I’ve been doing most of my writing lately trying to prep for an upcoming presentation at NCECA. Lots of spinning thoughts on a subject about which I’m passionate. I’d welcome feedback on this part, and will present the rest of it when it all comes together.
When weighing the use of technology in classroom teaching, my school’s leadership suggests three questions for consideration:
- What are my curricular goals?
- How will I know if students are accomplishing them?
- Can technology enhance the ways that those goals are accomplished?
The answer to the third question is not always “yes.” Ceramics is unique in its hands-on problem solving, and already models many of the best aspects of 21st century education. Some of the “buzzwords” of education today have been important to how humans have learned for a very, very long time. The tools might be new, but the methods and values are the same. (Image below from SAMR model of educational technology.)
An aspect that has connected these modes of learning for a very long time has been the object. We are object-makers, and we have a responsibility to keep the consideration of objects central to our teaching. Three rationale – Sensory Learning; Solitude, Disconnection, and Flow; and Grog and Grit – can help us maintain these considerations in the dialogues of 21st century education.
Making objects involves all of our senses. In his 2004 essay, The Hegemonic Eye, Chris Staley notes:
I am concerned that we underestimate the extent to which our senses are used, how they influence our well-being…. It is my belief that our lives are becoming increasingly ocular-centric. In other words there are circumstances in our lives that increasingly call upon us to use our eyes at the expense of our other senses. As vision becomes more dominant our interaction with the world becomes flatter and the joy and fullness of our lives is diminished.
Staley presents two paradoxes to the increasing emphasis of technology in our world:
First, one of the supposed benefits of the new technology is its efficiency and the free time that it allows. Yet this urgency to do more in less time has only fueled our desire to be more productive by working harder. The second paradox of technology is the more connected we become through the Internet the more disconnected we become with each other.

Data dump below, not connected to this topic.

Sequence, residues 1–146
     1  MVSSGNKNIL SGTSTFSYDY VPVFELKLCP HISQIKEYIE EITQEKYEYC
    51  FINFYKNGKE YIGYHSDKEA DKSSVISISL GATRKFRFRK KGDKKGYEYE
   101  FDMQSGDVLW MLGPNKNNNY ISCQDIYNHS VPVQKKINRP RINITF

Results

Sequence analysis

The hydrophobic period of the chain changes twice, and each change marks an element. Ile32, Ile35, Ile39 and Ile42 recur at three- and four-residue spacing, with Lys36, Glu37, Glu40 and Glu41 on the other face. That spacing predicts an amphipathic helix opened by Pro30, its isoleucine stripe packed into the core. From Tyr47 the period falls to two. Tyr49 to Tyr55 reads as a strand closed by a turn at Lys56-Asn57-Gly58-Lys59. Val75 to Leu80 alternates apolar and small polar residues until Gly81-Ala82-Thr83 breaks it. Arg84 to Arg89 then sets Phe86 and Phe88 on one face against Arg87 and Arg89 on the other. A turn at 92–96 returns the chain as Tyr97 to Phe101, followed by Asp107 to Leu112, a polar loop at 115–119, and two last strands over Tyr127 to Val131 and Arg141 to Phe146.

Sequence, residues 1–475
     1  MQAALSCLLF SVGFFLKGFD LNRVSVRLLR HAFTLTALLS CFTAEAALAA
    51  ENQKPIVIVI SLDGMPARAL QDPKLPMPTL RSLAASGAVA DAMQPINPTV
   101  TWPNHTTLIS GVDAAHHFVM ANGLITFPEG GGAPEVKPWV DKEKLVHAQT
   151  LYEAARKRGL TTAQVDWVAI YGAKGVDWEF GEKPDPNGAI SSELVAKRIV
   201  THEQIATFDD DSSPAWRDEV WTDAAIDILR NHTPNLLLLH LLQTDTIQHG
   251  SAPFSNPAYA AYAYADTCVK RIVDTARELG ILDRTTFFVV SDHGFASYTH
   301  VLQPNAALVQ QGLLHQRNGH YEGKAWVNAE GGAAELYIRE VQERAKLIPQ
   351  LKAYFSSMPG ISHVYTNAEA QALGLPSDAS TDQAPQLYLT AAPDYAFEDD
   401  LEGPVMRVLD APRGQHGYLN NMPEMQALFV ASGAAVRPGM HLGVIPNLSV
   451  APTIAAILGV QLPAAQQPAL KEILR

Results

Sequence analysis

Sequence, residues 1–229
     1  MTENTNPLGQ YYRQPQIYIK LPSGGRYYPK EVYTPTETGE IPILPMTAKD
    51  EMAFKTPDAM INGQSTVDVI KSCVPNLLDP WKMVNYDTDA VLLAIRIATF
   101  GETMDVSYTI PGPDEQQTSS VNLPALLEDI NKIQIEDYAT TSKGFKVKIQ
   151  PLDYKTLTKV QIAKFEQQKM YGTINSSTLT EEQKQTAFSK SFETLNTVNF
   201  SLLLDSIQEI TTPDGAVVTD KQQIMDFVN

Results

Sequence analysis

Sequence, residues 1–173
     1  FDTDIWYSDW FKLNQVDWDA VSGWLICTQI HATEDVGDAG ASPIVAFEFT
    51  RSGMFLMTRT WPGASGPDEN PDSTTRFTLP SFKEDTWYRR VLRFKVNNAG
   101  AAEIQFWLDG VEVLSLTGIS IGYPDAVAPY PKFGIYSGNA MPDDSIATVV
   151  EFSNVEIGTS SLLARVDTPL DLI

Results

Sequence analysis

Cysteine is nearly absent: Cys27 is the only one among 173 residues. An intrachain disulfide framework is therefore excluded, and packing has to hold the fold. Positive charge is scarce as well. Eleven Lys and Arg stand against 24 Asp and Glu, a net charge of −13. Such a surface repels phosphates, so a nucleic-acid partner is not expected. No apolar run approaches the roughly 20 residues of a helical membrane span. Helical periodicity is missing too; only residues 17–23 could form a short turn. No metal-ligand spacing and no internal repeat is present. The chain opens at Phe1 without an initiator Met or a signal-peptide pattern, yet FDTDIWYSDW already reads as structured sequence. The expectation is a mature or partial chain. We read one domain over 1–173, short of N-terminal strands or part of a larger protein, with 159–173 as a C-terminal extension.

Are these things important? Do we need to consider the impact of focusing learning to the flat screen? Is touching a tablet enough emphasis on using the hand?
I present that many of the challenges awaiting our students in the world are tactile, hands-on challenges. Whether the challenge is making educated consumer decisions about what to purchase, or making sure that children in South Africa have access to shelter and clean water, we want our students to be able to engage with – and affect – the world using all of their senses. As connected as our world has become, the computer screen can also be a lens of disconnect from the physicality of real challenge.
One does not fully engage with a handmade cup until one uses it, and it is far less engaging an experience to view that cup on screen than to hold it and touch it to one’s lips. Similarly, one does not fully engage with the world until all senses are engaged. If we want our students to have empathy and understanding for what it takes to create something – be it a building, a city, an artificial limb, a road, or a school – we, as makers, are uniquely positioned to help them develop sensitivity, work ethic, craftsmanship, and empathy for process.
There is a practical reason, too, to keep our students engaged with the senses in a way that the computer alone cannot facilitate. This, from Matthew Crawford’s essay “The Case for Working With Your Hands” – which led to the epic Shop Class as Soulcraft, a must-read:
The Princeton economist Alan Blinder argues that the crucial distinction in the emerging labor market is not between those with more or less education, but between those whose services can be delivered over a wire and those who must do their work in person or on site. The latter will find their livelihoods more secure against outsourcing to distant countries. Blinder puts it, ‘You can’t hammer a nail over the Internet.’ Nor can the Indians fix your car. Because they are in India.
And our students are oddly objective about all this, still, even when our classrooms are becoming increasingly dependent on technology. More from Crawford:
In schools, we create artificial learning environments for our children that they know to be contrived and undeserving of their full attention and engagement. Without the opportunity to learn through the hands, the world remains abstract and distant, and the passions for learning will not be engaged.
I don’t think there are many advocates of transformations 21st century learning who would argue this point. But without makers who are advocating for learning that engages all of the senses – like learning with clay – technology is making our learning environments ocular-centric faster than we understand the consequences of this change. It’s up to us to keep the metaphors and significance of our field central to the discussion.